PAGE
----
want the address in the IVT to be 07C0:00xx or 0000:7Cxx - 0000:00xx 
won't work.

> The led of floppy drive lights up
> forever. It should be turned off when bios has loaded the boot sector into
> RAM!!?

I don't know about this one. I've seen code that turns off the floppy 
motor - via ports on the floppy controller - pretty much "first thing". 
I *thought* that would only be necessary if we had interrupts 
disabled... as we would when entering protected mode, or sometimes when 
altering %ss:%sp. The fact that your code jumps off into lala-land 
attempting the int 21h may be causing it. I'd try to get that fixed 
first, and tackle this if it's still a problem.

> Here is the piece of code.
> 
> .code16
> .section .text
> .globl _start
> _start:
> 	movw	$STACK_SEGMENT, %sp
> 	movw	%sp, %ss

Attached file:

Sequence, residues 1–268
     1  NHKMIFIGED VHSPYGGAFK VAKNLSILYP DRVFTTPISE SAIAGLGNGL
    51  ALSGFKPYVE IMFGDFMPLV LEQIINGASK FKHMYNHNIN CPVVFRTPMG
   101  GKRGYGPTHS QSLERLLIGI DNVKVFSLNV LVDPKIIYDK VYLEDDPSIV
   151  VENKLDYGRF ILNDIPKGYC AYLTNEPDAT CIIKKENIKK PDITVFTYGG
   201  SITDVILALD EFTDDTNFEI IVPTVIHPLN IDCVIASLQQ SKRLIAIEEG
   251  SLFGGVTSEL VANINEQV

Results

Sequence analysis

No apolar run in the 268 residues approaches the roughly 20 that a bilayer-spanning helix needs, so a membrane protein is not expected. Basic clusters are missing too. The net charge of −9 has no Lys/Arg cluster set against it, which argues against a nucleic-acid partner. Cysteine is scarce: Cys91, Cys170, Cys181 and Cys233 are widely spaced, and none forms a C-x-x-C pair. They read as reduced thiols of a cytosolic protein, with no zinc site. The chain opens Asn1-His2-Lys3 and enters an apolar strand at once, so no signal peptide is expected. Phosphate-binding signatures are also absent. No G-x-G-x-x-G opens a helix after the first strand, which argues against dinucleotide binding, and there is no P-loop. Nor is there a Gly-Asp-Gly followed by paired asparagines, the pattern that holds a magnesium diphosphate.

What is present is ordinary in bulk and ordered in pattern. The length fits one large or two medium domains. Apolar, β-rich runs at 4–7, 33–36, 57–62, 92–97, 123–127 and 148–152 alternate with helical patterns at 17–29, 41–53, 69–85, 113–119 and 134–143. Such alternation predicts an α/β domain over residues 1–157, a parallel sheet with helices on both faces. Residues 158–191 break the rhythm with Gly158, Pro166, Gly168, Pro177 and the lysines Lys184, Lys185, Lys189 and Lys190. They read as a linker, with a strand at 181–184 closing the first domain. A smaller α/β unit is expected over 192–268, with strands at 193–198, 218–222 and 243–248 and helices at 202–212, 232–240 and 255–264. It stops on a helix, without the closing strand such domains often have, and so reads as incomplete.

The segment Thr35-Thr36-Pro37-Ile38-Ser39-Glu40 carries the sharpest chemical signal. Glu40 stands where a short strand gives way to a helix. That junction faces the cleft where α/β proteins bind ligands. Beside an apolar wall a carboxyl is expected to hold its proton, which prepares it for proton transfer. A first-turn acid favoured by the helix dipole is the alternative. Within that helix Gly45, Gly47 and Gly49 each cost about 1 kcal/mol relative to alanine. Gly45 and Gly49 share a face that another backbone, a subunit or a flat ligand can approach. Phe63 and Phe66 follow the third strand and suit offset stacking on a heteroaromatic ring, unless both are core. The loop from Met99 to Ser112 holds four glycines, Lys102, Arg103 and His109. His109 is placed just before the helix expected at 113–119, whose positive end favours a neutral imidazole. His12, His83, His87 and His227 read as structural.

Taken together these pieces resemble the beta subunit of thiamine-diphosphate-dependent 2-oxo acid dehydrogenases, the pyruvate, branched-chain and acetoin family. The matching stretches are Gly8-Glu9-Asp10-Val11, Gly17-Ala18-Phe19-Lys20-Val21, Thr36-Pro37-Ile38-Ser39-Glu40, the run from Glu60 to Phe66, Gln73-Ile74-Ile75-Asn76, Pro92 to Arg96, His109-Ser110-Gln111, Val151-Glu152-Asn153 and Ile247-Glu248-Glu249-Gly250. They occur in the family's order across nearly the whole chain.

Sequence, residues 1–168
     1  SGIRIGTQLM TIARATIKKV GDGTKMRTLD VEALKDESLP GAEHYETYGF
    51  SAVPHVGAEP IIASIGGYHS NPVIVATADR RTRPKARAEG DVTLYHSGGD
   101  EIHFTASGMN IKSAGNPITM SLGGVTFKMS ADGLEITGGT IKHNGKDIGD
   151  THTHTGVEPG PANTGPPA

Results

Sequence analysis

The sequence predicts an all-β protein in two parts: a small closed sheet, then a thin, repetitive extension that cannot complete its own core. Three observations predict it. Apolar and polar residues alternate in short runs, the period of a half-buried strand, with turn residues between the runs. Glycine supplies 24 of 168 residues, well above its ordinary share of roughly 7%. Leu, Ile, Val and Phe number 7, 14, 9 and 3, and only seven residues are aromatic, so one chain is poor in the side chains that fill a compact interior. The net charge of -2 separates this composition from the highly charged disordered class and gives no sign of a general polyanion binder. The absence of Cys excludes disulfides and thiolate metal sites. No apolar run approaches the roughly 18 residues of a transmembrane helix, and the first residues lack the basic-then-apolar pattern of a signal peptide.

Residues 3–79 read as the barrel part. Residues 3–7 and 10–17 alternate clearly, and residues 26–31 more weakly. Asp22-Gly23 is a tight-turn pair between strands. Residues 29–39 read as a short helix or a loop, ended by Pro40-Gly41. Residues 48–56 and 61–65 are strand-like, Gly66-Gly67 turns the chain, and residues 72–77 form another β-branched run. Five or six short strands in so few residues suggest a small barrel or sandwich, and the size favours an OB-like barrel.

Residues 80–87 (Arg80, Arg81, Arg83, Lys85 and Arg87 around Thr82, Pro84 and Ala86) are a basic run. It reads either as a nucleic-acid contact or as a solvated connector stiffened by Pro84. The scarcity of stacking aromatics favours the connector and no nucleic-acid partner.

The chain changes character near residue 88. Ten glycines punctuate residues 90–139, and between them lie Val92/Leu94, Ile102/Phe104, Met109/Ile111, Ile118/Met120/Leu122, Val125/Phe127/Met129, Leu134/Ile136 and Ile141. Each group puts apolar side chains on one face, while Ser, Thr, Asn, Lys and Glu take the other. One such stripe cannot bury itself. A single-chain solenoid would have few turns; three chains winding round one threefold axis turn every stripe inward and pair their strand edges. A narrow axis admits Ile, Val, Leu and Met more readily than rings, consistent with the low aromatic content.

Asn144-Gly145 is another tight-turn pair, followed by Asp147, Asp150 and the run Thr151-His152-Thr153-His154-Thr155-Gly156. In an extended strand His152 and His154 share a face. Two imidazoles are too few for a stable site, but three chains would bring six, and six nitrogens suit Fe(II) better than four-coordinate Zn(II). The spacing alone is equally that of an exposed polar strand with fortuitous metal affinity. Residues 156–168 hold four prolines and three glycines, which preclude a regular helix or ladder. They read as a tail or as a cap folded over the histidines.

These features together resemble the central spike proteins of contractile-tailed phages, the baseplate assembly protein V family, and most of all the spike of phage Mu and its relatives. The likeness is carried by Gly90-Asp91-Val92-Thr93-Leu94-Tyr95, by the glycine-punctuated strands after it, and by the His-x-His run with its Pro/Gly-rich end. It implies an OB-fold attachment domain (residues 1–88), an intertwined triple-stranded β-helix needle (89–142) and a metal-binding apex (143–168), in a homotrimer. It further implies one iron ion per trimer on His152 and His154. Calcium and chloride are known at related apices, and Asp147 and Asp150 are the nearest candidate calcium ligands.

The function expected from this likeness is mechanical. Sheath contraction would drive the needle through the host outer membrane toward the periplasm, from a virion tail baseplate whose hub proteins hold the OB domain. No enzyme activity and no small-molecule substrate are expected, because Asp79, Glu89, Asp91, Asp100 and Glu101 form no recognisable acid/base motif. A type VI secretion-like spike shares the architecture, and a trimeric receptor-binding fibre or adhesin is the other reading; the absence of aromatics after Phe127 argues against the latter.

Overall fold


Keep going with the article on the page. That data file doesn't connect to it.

> 	movw	$STACK_SIZE, %sp

A STACK_SIZE of 0xffff is going to mis-align your stack, so all stack 
access will be slow! If you want to use the entire segment, zero is a 
perfectly good initial %sp - it will be decremented, and the first 
(word) push will go at 0xfffe.

I mentioned that sometimes we cli/sti around altering %ss:%sp... I don't 
think it's really necessary these days - non-buggy CPUs disable 
interrupts for one instruction after a load of %ss anyway. Altering %sp 
first, then %ss, then %ss again might be "dangerous", I'm not sure. 
It'll work most of the time anyway - the odds of an interrupt occuring 
in the middle of this are small - but I suppose you'd like it to work 
*all* the time...

> 	pushw	$BOOTSEG
> 	popw	%ds
> 	pushw	$SCREEN_SEGMENT
> 	popw	%es
> 
> #Blank screen
> 	call 	clearScreen
> 
> #Say hello
> 	movw	$MESSAGE_POS, cursor_pos
> 	call 	printString
> 
> #install interrupt handler
> 	pushw	%ds
> 	pushw	$0
> 	popw	%ds
> 	movw    $interrupt_handler, %ds:(4 * 0x21)
> 	movw    %cs, %ds:(4 * 0x21 + 2)

Try "$BOOTSEG" here instead of %cs - I *think* that's the problem.

> 	popw	%ds
> 
> 
> #test interrupt hander
> 	int	$0x21
> 
> 
> die:	jmp	die
> 
> #
> # Functions 
> #
> 
> .type   clearScreen, @function
> clearScreen:
> 	movb	$SCREEN_COLS, %al
> 	movb	$SCREEN_ROWS, %bl
> 	mulb	%bl